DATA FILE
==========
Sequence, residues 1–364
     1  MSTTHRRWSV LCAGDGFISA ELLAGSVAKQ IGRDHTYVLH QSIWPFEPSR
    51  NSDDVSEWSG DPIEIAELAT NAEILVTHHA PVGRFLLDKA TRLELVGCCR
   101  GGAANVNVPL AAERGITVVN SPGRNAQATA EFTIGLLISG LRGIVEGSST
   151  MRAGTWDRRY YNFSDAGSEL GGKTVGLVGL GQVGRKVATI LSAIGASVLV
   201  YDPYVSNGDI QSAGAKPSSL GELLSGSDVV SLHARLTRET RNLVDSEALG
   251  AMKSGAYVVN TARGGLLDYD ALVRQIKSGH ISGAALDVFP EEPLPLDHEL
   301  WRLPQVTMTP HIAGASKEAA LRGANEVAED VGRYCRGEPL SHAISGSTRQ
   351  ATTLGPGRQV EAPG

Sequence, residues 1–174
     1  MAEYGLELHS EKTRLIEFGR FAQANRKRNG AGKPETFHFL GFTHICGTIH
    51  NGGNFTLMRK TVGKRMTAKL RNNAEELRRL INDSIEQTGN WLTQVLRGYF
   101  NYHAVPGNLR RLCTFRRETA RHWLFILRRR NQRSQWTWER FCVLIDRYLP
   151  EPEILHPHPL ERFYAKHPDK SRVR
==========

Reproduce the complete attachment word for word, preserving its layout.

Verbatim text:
Sequence, residues 1–364
     1  MSTTHRRWSV LCAGDGFISA ELLAGSVAKQ IGRDHTYVLH QSIWPFEPSR
    51  NSDDVSEWSG DPIEIAELAT NAEILVTHHA PVGRFLLDKA TRLELVGCCR
   101  GGAANVNVPL AAERGITVVN SPGRNAQATA EFTIGLLISG LRGIVEGSST
   151  MRAGTWDRRY YNFSDAGSEL GGKTVGLVGL GQVGRKVATI LSAIGASVLV
   201  YDPYVSNGDI QSAGAKPSSL GELLSGSDVV SLHARLTRET RNLVDSEALG
   251  AMKSGAYVVN TARGGLLDYD ALVRQIKSGH ISGAALDVFP EEPLPLDHEL
   301  WRLPQVTMTP HIAGASKEAA LRGANEVAED VGRYCRGEPL SHAISGSTRQ
   351  ATTLGPGRQV EAPG

Sequence, residues 1–174
     1  MAEYGLELHS EKTRLIEFGR FAQANRKRNG AGKPETFHFL GFTHICGTIH
    51  NGGNFTLMRK TVGKRMTAKL RNNAEELRRL INDSIEQTGN WLTQVLRGYF
   101  NYHAVPGNLR RLCTFRRETA RHWLFILRRR NQRSQWTWER FCVLIDRYLP
   151  EPEILHPHPL ERFYAKHPDK SRVR